(i) Psychotropic medication or psychotropic drugs are those medications administered for the purpose of affecting the central nervous system to treat psychiatric disorders or illnesses. These medications include, but are not limited to, anxiolytic agents, antidepressants, mood stabilizers, antipsychotic medications, anti-Parkinson agents, hypnotics, medications for dementia, and psychostimulants.
(j) (1) Psychotropic medications may be administered without court authorization to a minor described in subdivision (a) in an emergency. An emergency exists if all of the following conditions are met:
(A) A physician finds that the minor requires psychotropic medication to treat a psychiatric disorder or illness.
(B) The medication is immediately necessary for the preservation of life or the prevention of serious bodily harm to the minor or others. It is not necessary for the harm to take place or become unavoidable prior to treatment.
(C) It is impractical to obtain authorization from the court before administering the psychotropic medication to the minor.
(2) Court authorization shall be sought as soon as practical, but in no case more than two court days after the emergency administration of psychotropic medication.
(k) This section is not intended to supersede local court rules regarding a minor’s right to participate in mental health decisions.
(l) This section does not grant any person the authority to administer psychotropic medication to a minor who indicates a refusal of treatment with the authorized medication. A person shall not threaten, coerce, withhold privileges, or otherwise penalize a minor for refusing to take a psychotropic medication. A minor described in subdivision (a) shall not be involuntarily administered a psychotropic medication unless otherwise specifically permitted by law.
(m) This section does not apply to nonminor dependents, as defined in subdivision (v) of Section 11400.
(n) (1) On or before January 1, 2018, the Judicial Council shall amend and adopt rules of court and develop appropriate forms for the implementation of this section, in consultation with the State Department of Social Services, the State Department of Health Care Services, and stakeholders, including, but not limited to, the County Welfare Directors Association of California, the County Behavioral Health Directors Association of California, the Chief Probation Officers of California, associations representing current and former foster children, caregivers, and minors’ attorneys. This effort shall be undertaken in coordination with the updates required under paragraph (1) of subdivision (n) of Section 369.5.
(2) The rules of court and forms developed pursuant to paragraph (1) shall address all of the following:
(A) The minor and his or her caregiver and court-appointed special advocate, if any, have an opportunity to provide input on the medications being prescribed.
(B) Information regarding the minor’s overall mental health assessment and treatment plan is provided to the court.
(C) Information regarding the rationale for the proposed medication, provided in the context of past and current treatment efforts, is provided to the court. This information shall include, but not be limited to, information on other pharmacological and nonpharmacological treatments that have been utilized and the minor’s response to those treatments, a discussion of symptoms not alleviated or ameliorated by other current or past treatment efforts, and an explanation of how the psychotropic medication being prescribed is expected to improve the minor’s symptoms.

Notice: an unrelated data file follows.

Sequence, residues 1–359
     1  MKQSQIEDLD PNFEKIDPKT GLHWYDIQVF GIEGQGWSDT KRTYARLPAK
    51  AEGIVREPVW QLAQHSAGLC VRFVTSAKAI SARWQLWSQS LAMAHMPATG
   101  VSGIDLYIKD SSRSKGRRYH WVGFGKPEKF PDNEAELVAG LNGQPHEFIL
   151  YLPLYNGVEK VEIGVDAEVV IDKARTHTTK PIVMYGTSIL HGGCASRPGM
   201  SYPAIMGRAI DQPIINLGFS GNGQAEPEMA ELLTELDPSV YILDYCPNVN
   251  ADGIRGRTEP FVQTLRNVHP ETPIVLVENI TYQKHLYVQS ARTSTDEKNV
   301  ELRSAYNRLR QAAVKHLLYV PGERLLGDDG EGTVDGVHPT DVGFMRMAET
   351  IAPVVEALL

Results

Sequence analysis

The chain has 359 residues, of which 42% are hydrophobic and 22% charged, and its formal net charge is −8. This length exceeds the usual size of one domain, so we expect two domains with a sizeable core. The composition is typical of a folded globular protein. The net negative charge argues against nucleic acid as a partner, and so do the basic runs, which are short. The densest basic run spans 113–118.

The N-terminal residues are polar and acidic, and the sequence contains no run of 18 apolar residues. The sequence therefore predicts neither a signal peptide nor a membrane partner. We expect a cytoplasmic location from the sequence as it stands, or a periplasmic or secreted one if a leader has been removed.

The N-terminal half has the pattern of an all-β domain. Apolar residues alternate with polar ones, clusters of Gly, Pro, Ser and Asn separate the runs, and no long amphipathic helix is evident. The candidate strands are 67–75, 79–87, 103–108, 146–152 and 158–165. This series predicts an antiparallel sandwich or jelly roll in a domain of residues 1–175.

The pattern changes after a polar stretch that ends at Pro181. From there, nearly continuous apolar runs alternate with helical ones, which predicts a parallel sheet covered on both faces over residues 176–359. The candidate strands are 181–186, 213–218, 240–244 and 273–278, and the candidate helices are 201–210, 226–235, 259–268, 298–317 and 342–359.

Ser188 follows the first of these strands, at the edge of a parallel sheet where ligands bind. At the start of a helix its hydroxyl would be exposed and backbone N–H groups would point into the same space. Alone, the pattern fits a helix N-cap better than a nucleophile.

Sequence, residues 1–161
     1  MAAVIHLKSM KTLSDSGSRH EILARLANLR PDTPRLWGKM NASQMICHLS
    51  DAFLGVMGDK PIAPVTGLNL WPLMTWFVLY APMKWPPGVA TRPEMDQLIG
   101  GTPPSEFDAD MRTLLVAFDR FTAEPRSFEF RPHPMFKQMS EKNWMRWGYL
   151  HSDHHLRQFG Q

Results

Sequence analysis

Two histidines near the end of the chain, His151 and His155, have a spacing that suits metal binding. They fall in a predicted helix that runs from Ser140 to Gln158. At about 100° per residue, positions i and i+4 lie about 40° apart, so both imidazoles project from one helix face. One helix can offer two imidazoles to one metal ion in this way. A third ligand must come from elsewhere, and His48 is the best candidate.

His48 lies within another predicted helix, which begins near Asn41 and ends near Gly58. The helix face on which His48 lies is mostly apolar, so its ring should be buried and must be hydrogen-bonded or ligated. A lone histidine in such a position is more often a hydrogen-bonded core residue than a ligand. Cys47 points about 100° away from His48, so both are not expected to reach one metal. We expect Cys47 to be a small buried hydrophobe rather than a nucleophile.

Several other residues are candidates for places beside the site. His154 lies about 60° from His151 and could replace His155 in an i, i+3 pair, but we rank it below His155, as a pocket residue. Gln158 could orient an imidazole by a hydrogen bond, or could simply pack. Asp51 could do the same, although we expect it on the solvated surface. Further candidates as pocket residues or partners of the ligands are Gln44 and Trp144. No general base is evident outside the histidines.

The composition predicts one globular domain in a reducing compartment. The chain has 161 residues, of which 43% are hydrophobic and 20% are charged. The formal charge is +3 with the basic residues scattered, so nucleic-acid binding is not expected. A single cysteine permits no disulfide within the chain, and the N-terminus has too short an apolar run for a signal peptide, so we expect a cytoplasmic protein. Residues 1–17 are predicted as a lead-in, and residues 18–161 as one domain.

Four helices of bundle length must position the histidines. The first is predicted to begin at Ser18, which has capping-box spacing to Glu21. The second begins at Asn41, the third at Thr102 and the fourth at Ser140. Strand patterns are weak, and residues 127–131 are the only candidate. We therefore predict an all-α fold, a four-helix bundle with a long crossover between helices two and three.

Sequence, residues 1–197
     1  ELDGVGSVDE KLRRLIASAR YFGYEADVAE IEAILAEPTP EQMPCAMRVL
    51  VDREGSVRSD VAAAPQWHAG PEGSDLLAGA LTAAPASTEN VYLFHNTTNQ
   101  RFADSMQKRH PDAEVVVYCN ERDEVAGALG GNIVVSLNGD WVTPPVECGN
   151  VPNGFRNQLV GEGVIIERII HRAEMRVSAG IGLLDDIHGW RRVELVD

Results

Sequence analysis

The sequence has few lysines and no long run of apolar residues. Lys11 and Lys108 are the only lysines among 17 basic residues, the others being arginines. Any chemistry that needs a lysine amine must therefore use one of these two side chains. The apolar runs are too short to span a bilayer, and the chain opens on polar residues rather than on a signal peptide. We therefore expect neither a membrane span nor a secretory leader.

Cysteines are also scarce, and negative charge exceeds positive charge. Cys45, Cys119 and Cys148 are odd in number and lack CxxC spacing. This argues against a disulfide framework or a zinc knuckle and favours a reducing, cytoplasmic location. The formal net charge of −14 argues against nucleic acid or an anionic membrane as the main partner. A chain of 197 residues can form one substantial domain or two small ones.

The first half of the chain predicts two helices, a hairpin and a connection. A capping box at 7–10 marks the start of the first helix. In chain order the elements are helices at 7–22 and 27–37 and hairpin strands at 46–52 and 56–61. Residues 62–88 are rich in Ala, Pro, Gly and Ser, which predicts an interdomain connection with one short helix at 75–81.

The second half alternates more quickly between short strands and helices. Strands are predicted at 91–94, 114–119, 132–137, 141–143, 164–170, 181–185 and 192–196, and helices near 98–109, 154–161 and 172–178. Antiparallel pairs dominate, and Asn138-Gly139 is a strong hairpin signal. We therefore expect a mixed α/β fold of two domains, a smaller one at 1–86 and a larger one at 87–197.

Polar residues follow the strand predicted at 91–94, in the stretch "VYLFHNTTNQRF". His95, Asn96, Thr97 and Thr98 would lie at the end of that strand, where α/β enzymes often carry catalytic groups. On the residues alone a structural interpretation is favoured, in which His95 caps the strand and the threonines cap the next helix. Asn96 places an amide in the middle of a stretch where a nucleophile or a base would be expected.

(D) Guidance is provided to the court on how to evaluate the request for authorization, including how to proceed if information, otherwise required to be included in a request for authorization under this section, is not included in a request for authorization submitted to the court.
(3) The rules of court and forms developed pursuant to paragraph (1) shall include a process for periodic oversight by the court of orders regarding the administration of psychotropic medications that includes the caregiver’s and minor’s observations regarding the effectiveness of the medication and side effects, information on medication management appointments and other followup appointments with medical practitioners, and information on the delivery of other mental health treatments that are a part of the minor’s overall treatment plan. This oversight process shall be conducted in conjunction with other regularly scheduled court hearings and reports provided to the court by the county probation agency.
(o) This section shall become operative on January 1, 2018.

SEC. 7.

 Section 1.5 of this bill incorporates amendments to Section 4064.5 of the Business and Professions Code proposed by both this bill and Senate Bill 999. It shall only become operative if (1) both bills are enacted and become effective on or before January 1, 2017, (2) each bill amends Section 4064.5 of the Business and Professions Code, and (3) this bill is enacted after Senate Bill 999, in which case Section 1 of this bill shall not become operative.

SEC. 8.

 To the extent that this act has an overall effect of increasing the costs already borne by a local agency for programs or levels of service mandated by the 2011 Realignment Legislation within the meaning of Section 36 of Article XIII of the California Constitution, it shall apply to local agencies only to the extent that the state provides annual funding for the cost increase. Any new program or higher level of service provided by a local agency pursuant to this act above the level for which funding has been provided shall not require a subvention of funds by the state or otherwise be subject to Section 6 of Article XIII B of the California Constitution.